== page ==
Morning sickness drug reintroduced to US


The US Food and Drug Administration (FDA) has approved a drug for morning sickness, 30 years after it was originally removed from the market.

Diclegis (doxylamine succinate and pyridoxine hydrochloride), contains the same active ingredients as Benedictin, which was produced by Merrel Dow and withdrawn from the market in 1983 after a string of lawsuits claiming it caused birth defects.

Rather than fight the litigations, Merrel Dow voluntarily withdrew the product. However, Canadian company Duchesnay continued to market the drug in Canada, under the name Diclectin. Large scale studies have shown the drug to be safe for both mothers and foetuses, so Duchesnay has now decided to expand into the US by applying for approval of its long-release version.

The drug has been approved for use by pregnant women whose morning sickness cannot be controlled through dietary means, such as by eating smaller meals of bland food throughout the day.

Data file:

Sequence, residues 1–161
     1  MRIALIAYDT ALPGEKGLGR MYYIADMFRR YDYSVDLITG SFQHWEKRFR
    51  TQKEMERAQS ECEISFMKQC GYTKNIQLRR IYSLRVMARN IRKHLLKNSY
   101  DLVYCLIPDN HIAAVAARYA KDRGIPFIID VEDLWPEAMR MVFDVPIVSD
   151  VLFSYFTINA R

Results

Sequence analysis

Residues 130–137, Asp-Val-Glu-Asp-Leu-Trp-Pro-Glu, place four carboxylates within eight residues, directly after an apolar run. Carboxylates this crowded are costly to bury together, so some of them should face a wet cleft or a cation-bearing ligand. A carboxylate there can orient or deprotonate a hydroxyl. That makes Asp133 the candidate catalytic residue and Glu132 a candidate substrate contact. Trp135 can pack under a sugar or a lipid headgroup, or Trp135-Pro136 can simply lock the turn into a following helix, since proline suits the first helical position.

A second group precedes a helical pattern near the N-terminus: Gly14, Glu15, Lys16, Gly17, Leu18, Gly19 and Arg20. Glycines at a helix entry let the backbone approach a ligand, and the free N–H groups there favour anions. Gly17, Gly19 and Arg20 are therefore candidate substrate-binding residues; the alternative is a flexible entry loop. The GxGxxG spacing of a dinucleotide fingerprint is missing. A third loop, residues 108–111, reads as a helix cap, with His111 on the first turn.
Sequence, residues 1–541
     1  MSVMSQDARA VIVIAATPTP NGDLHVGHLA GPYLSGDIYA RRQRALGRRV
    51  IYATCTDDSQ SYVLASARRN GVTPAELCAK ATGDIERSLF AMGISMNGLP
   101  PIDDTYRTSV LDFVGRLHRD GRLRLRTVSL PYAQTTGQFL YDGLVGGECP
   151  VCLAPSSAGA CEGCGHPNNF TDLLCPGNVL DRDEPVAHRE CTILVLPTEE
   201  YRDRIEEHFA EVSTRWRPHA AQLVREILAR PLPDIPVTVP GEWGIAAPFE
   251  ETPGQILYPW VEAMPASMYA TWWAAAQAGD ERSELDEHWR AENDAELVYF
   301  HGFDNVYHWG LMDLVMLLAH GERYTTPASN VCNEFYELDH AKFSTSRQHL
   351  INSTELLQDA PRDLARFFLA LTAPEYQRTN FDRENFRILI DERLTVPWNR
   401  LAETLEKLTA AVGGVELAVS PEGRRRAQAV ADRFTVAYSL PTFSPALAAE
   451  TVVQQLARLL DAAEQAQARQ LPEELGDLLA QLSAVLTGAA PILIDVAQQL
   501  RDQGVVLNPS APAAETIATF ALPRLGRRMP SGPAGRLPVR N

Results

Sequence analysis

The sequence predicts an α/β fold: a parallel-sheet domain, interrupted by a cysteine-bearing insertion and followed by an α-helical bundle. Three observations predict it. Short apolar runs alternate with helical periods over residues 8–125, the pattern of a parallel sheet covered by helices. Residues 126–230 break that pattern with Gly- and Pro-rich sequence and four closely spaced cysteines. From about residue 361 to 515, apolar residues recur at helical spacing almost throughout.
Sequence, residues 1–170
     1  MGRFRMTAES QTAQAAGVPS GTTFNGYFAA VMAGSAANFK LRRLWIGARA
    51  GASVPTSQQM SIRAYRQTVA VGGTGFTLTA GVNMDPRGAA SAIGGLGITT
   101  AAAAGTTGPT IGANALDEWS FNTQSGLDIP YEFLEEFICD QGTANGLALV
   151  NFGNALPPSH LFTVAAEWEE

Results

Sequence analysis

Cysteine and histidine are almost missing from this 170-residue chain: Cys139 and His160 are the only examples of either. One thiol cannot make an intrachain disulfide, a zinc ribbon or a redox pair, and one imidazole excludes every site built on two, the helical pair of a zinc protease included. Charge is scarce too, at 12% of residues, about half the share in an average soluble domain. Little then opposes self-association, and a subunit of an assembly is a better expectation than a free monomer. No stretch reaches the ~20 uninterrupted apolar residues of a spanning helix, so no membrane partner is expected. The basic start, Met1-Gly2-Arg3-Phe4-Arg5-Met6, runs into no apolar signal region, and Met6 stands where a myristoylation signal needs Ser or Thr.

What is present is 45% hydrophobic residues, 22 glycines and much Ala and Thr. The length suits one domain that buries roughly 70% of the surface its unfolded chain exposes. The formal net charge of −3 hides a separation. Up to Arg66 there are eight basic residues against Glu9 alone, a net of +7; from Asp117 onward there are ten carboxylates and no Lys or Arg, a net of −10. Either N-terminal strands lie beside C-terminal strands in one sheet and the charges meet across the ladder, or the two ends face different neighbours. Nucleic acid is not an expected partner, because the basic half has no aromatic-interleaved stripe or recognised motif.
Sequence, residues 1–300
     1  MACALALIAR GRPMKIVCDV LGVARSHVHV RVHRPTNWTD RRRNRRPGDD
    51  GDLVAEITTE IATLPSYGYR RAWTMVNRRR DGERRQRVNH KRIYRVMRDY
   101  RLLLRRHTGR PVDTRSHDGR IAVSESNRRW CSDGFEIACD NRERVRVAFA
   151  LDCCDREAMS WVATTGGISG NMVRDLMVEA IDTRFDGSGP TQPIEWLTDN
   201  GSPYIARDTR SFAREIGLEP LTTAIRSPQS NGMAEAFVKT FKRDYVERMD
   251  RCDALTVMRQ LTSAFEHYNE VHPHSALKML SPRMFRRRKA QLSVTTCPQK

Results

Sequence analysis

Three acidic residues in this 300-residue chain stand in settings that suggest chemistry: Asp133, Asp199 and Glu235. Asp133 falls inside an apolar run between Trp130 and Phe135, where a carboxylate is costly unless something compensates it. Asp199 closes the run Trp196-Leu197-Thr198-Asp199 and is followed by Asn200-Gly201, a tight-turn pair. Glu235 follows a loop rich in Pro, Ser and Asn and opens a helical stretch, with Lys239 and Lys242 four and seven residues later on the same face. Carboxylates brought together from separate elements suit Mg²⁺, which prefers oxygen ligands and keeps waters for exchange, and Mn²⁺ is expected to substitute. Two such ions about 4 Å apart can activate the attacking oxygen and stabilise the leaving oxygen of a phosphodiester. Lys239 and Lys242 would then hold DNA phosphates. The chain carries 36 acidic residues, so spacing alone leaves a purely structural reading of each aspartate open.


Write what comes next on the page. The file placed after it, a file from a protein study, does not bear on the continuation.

Related Content

Chemistry World podcast - January 2014

15 January 2014 Podcast | Monthly

news image

This month, we examine the controversy surrounding the Turin shroud and explore the history of crystallography

Business roundup

26 February 2008 Business

news image

Industry news

Most Read

Bubble wrap could send lab costs packing

23 July 2014 Research

news image

Potential bubbles up across wide range of uses as storage and test vessels, especially for poor countries

Coffee cup confusion

20 July 2014 Research

news image

Scientists call for better labelling after research highlights inconsistencies in the chemical composition of a cup of coffee

Most Commented

Bubble wrap could send lab costs packing

23 July 2014 Research

news image

Potential bubbles up across wide range of uses as storage and test vessels, especially for poor countries

Relativity behind mercury's liquidity

21 June 2013 Research

news image

First evidence that relativistic effects are indeed responsible for mercury's low melting point